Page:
The best aspect of Bitcoin is that it is a free currency, completely outside of the control of any government or central bank.
Funny thing is, the worst aspect of Bitcoin is that it is a free currency, completely outside of the control of any government or central bank.
I’m not the biggest fan of central bankers. Like the rest of us, they are human and will err. They are tasked with making critical decisions under conditions of murky uncertainty and face conflicting mandates and political agendas…not to mention the unimaginable stress and the emotional burden of knowing that the livelihood of 315 million Americans depend on them making the right policy decisions.
No one—not Bernanke or Yellen or the quants that Goldman Sachs keeps locked in the basement—is smart enough or has enough information to effectively manage a currency, which is why central bankers constantly get it wrong. It’s an impossible job.
But to adapt Winston Churchill’s quote on democracy—that it is the worst form of government except all those other forms that have been tried—I’ve reached the conclusion that the modern central banking system is the worst monetary system ever devised…except for all others that have ever been tried.
The classic gold standard encouraged punitively high interest rates during times of crisis—which is precisely the time when liquidity is most needed—and crucified the working classes on a cross of gold. It also encouraged mercantilist economics—the scourge that Adam Smith preached against in the Wealth of Nations—which was a leading cause of wars in the post-industrial era.
The gold standard is never coming back. But what about modern variants like Bitcoin?
At first blush, there is a lot to like. It has the anonymity of cash. It can be transferred without the disclosure requirements of the world banking system. And the creation of new Bitcoins is preset according to an algorithm, making something like an Argentine-style devaluation impossible.
But let’s get serious here. If your bank fails, you have FDIC insurance in place to protect your savings. But who do you call when a Bitcoin exchange is hacked or shut down due to a bug? Or for that matter, when someone steals the laptop that was storing your Bitcoins?
Federal Reserve Chairmen are regularly asked to testify before Congress to explain their actions. And if things ever got bad enough, the Federal Reserve has a physical location that could be stormed Bastille-style with pitchforks. (I’m joking. Sort of.) Though imperfect, there is a level of accountability.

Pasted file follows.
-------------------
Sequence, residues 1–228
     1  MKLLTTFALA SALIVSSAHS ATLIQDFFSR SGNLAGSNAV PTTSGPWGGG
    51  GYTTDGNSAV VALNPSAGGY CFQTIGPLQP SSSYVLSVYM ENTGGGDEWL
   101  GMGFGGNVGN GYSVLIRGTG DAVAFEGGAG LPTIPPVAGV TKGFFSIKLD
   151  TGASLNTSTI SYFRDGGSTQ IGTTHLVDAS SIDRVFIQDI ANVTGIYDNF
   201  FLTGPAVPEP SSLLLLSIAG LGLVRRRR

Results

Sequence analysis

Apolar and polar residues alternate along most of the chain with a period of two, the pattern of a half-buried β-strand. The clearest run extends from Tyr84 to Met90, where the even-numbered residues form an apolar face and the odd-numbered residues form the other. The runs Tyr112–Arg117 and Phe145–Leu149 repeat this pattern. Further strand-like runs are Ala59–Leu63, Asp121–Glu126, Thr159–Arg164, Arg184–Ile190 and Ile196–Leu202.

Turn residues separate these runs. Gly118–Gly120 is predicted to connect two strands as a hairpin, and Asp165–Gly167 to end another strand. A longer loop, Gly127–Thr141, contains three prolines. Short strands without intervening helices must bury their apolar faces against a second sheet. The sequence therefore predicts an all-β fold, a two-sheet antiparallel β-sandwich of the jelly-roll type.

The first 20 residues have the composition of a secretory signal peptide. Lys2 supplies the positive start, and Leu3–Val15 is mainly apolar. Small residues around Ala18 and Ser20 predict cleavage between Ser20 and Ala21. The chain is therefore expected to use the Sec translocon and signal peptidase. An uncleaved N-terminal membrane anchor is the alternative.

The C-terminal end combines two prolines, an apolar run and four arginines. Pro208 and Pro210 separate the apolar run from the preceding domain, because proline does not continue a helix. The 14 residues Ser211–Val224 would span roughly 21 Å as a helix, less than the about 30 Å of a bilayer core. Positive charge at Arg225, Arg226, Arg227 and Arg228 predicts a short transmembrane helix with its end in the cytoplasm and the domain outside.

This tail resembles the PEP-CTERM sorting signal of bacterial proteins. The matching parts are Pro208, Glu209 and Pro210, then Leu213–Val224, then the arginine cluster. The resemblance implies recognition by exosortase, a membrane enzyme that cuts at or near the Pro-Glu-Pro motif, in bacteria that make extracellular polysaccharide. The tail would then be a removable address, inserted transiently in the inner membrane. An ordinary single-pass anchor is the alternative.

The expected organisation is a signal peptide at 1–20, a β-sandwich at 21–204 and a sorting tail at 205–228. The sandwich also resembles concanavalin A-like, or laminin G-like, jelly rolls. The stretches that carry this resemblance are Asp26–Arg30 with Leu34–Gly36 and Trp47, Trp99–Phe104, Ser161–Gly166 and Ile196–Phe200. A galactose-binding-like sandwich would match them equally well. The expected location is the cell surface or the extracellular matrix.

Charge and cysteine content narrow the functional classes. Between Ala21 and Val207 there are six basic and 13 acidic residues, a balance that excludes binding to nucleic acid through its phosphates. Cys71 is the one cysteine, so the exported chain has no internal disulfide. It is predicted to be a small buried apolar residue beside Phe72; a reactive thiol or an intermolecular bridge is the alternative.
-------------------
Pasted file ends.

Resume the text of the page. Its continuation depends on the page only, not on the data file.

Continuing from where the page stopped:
But who do you drag in front of Congress when Bitcoin breaks? Satoshi Nakamoto, the John-Galt-like character (or characters) that created the virtual currency under an assumed name? Good luck with that.
Look, I don’t trust the government. I agree with the gold bugs, Bitcoin enthusiasts and other assorted malcontents on that count. But I do trust the government more than I trust a crypto-currency of murky origins backed by an algorithm that lives in the netherworld of the internet.
I’m not going to wag my finger and tell you not to speculate in Bitcoins. If you like to trade, and you feel comfortable with the risks involved, go for it. Had you bought at the right time last year, you could have made more than 10 times your money.
So by all means, speculate. But don’t drink the Kool-Aid here and buy the ideology. Bitcoin is a deeply flawed idea, and it is not a viable store of wealth. I’m not opposed to the idea of a free-market parallel currency, and indeed precious metals have served that role to some extent ever since the fall of the gold standard. Some future iteration of a Bitcoin-like currency might be a viable option. But as of today, we’re simply not there yet.
Charles Lewis Sizemore, CFA, is the editor of Macro Trend Investor and chief investment officer of the investment firm Sizemore Capital Management. Click here to receive his FREE weekly e-letter covering market insights, global trends, and the best stocks and ETFs to profit from today’s exciting megatrends. This article first appeared on InvestorPlace.